Here is the winner of the Data Mining Research People Award 2010: Ajay Ohri! Thanks to Ajay for giving some time to answer Data Mining Research questions. And all the best to his blog, Decision Stat!
Data Mining Research (DMR): Could you please introduce yourself to the readers of Data Mining Research?
Ajay Ohri (AO): I am a business consultant and writer based out of Delhi- India. I have been working in and around the field of business analytics since 2004, and have worked with some very good and big companies primarily in financial analytics and outsourced analytics. Since 2007, I have been writing my blog at http://decisionstats.com which now has almost 10,000 views monthly.
All in all, I wrote about data, and my hobby is also writing (poetry). Both my hobby and my profession stem from my education ( a masters in business, and a bachelors in mechanical engineering).
My research interests in data mining are interfaces (simpler interfaces to enable better data mining), education (making data mining less complex and accessible to more people and students), and time series and regression (specifically ARIMAX)
In business my research interests software marketing strategies (open source, Software as a service, advertising supported versus traditional licensing) and creation of technology and entrepreneurial hubs (like Palo Alto and Research Triangle, or Bangalore India).
DMR: I know you have worked with both SAS and R. Could you give your opinion about these two data mining tools?
AO: As per my understanding, SAS stands for SAS language, SAS Institute and SAS software platform. The terms are interchangeably used by people in industry and academia- but there have been some branding issues on this.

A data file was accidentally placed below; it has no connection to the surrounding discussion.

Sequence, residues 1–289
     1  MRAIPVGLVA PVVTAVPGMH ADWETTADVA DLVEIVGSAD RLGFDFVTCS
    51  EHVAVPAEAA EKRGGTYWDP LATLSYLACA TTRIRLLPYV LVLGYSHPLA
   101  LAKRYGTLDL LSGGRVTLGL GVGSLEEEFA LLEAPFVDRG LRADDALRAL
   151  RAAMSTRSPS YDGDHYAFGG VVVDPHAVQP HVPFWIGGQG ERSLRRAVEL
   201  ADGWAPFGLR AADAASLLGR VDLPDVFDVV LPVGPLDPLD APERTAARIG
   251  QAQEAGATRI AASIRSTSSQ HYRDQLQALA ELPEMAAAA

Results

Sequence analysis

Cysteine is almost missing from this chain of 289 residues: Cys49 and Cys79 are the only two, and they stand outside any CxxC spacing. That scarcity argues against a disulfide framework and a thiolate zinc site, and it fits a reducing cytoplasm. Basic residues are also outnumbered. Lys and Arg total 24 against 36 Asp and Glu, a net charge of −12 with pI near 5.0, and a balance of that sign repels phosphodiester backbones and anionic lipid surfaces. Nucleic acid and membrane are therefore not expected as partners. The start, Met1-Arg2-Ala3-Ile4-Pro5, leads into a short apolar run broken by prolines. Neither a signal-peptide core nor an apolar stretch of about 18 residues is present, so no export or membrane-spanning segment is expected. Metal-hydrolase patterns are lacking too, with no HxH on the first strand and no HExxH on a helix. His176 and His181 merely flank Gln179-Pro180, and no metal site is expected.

I have not worked much with SAS Enterprise Miner , probably because I could not afford it as business consultant, and organizations I worked with did not have a budget for Enterprise Miner.
I have worked alone and in teams with Base SAS, SAS Stat, SAS Access, and SAS ETS- and JMP. Also I worked with SAS BI but as a user to extract information.
You could say my use of SAS platform was mostly in predictive analytics and reporting, but I have a couple of projects under my belt for knowledge discovery and data mining, and pattern analysis. Again some of my SAS experience is a bit dated for almost 1 year ago.
I really like specific parts of SAS platform – as in the interface design of JMP (which is better than Enterprise Guide or Base SAS ) -and Proc Sort in Base SAS- I guess sequential processing of data makes SAS way faster- though with computing evolving from Desktops/Servers to even cheaper time shared cloud computers- I am not sure how long Base SAS and SAS Stat can hold this unique selling proposition.
I dislike the clutter in SAS Stat output, it confuses me with too much information, and I dislike shoddy graphics in the rendering output of graphical engine of SAS. Its shoddy coding work in SAS/Graph and if JMP can give better graphics why is legacy source code preventing SAS platform from doing a better job of it.
I sometimes think the best part of SAS is actually code written by Goodnight and Sall in 1970’s , the latest procs don’t impress me much.
SAS as a company is something I admire especially for its way of treating employees globally- but it is strange to see the rest of tech industry not following it. Also I don’t like over aggression and the SAS versus Rest of the Analytics /Data Mining World mentality that I sometimes pick up when I deal with industry thought leaders.
I think making SAS Enterprise Miner, JMP, and Base SAS in a completely new web interface priced at per hour rates is my wishlist but I guess I am a bit sentimental here- most data miners I know from early 2000’s did start with SAS as their first bread earning software. Also I think SAS needs to be better priced in Business Intelligence- it seems quite cheap in BI compared to Cognos/IBM but expensive in analytical licensing.
If you are a new stats or business student, chances are – you may know much more R than SAS today. The shift in education at least has been very rapid, and I guess R is also more of a platform than a analytics or data mining software.